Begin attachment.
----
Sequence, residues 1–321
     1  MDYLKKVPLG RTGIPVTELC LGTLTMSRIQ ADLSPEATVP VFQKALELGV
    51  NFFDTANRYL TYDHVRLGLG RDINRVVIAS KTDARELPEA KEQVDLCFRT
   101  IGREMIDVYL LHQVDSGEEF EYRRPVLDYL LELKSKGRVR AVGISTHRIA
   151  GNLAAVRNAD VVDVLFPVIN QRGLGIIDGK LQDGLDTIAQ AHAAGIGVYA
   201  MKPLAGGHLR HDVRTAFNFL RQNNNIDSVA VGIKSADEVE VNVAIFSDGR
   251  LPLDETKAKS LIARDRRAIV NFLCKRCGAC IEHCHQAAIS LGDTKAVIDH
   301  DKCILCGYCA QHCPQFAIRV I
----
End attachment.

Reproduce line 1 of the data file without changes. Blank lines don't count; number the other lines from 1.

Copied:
Sequence, residues 1–321